Recurring within Tikar decorative art, figures with salient features, slender and arched limbs adorn this vase. Concentric and parallel patterns adorn the surface. Black patina with golden reflections. Abrasions.
The identity of the collector will be transmitted upon acquisition.
Located in the border region of Nigeria, the North West province of Cameroon, the Grassland is made up of several ethnic groups: Tikar, Anyang, Widekum, Chamba, Bamoun and Bamileke.
The chiefs of the Cameroonian Grasslands, the Fon, reputed to hold treasures of works of art, including bracelets, necklaces, statues, bells, valued the founders and sculptors in the service of the kingdom. These productions, without which the chief would lose his prestige, aimed to magnify the role of the fon. The technique used was lost wax casting, the decorations varying according to the status of the recipient to whom the king wished to grant a reward. The Bamoun sometimes bought works from the Tikar, who were also gifted in metalworking. From 1920, founders no longer practiced exclusively for the court.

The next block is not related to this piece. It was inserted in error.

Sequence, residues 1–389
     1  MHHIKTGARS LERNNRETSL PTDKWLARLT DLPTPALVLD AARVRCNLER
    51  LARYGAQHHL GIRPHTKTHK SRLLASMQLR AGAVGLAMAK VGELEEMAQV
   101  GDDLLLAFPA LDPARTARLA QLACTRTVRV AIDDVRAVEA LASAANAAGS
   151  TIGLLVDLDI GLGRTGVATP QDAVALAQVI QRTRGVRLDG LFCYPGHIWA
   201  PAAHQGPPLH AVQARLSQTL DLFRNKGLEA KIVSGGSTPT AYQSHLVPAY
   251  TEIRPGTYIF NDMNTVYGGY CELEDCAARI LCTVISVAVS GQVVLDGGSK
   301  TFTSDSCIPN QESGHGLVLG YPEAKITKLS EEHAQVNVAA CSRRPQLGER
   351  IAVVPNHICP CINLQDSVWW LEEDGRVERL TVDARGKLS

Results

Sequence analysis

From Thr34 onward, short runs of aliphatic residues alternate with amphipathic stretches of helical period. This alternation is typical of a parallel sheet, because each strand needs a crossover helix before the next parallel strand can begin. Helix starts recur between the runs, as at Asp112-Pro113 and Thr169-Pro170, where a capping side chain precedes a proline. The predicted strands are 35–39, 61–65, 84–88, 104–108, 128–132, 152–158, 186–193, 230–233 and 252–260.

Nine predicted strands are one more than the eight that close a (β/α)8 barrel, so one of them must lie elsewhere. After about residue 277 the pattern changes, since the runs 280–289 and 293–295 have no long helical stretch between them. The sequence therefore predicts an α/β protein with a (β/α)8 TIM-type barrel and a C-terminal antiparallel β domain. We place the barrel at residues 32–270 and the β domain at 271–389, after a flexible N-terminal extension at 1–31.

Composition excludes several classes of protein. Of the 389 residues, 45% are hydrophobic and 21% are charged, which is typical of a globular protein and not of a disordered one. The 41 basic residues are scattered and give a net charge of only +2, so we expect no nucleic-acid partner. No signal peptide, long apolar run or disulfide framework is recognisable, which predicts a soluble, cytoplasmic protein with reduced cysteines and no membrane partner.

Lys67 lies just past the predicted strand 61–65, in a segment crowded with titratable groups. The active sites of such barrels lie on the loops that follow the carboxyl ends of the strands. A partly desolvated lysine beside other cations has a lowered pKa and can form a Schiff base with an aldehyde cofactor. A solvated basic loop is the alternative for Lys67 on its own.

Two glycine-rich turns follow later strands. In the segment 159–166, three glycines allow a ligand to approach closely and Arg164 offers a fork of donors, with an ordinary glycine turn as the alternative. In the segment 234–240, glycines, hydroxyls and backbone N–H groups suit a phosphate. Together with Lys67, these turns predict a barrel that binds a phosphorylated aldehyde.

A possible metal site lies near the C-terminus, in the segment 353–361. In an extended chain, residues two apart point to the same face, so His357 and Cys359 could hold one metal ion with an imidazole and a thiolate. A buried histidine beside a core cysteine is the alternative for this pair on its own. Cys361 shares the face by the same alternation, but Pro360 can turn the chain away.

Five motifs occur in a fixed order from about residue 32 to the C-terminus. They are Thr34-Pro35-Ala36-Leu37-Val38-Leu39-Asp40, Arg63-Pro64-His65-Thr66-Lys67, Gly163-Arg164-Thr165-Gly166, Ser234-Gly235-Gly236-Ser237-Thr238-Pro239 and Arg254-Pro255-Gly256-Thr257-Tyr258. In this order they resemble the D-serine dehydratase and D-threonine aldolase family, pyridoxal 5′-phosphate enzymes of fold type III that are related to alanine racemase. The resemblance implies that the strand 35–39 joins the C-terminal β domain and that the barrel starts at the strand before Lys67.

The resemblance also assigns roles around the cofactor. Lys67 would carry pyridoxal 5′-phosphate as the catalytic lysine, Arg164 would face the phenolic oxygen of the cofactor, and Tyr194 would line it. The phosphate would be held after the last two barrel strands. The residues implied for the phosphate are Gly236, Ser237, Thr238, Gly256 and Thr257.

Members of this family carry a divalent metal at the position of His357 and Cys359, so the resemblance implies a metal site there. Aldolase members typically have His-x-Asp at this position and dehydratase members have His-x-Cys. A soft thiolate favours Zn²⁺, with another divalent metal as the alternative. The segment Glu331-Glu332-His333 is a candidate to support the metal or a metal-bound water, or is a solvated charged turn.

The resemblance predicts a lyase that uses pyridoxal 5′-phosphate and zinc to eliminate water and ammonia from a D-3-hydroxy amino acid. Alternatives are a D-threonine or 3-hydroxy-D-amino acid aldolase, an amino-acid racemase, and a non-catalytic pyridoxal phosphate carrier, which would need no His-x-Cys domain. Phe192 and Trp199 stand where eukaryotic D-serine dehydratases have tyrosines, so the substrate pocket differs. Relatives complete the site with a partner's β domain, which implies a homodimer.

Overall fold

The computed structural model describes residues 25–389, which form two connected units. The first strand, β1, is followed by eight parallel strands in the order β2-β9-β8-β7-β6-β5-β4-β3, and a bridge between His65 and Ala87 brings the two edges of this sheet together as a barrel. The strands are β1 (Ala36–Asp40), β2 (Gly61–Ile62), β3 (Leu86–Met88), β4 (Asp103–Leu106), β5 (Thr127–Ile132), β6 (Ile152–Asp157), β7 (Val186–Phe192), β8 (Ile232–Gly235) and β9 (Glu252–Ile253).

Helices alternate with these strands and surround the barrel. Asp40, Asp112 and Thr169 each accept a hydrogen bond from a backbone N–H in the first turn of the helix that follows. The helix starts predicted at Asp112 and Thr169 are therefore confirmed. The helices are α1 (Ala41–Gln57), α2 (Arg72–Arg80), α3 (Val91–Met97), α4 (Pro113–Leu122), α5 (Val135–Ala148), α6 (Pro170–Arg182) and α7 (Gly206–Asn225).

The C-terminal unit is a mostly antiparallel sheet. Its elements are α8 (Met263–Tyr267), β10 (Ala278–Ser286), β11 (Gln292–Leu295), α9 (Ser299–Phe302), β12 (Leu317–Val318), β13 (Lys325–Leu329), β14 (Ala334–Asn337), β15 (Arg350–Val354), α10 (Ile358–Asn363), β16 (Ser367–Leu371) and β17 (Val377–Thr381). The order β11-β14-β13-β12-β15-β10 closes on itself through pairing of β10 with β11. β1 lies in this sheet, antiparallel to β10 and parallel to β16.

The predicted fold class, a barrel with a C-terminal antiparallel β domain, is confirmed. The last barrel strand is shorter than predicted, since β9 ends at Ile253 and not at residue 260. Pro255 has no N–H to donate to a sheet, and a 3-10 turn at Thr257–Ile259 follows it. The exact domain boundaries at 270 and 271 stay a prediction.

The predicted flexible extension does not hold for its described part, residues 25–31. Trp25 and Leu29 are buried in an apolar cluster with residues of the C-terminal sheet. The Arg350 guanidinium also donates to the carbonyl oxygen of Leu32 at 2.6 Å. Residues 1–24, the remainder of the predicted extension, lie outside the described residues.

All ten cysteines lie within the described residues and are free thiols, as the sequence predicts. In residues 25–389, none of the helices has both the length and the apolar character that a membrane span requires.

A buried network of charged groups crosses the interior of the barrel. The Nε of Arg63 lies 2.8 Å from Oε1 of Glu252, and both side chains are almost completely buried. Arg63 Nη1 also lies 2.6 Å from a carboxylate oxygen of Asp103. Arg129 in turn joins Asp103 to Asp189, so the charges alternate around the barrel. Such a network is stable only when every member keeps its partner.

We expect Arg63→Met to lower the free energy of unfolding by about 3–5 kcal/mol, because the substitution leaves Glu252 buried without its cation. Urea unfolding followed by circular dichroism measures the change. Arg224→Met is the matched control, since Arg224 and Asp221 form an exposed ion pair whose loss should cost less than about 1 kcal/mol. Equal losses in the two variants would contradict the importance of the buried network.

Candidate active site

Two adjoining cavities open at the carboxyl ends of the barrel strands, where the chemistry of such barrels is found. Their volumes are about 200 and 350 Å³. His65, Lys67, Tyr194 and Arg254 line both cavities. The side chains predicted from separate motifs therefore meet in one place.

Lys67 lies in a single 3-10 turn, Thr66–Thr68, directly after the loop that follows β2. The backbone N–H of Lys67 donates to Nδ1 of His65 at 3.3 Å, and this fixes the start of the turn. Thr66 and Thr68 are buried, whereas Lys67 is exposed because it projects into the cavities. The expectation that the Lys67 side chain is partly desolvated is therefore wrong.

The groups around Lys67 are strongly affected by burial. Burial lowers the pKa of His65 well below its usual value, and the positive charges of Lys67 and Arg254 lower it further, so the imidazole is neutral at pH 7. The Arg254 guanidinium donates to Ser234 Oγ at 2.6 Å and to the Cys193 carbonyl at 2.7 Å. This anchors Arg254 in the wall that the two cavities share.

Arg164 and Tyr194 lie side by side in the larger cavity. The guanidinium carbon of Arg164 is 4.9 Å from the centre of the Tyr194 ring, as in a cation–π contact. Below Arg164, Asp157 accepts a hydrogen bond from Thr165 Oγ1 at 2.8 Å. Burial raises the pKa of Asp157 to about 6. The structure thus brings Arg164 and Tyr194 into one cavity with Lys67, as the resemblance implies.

This item is sold with its certificate of authenticity
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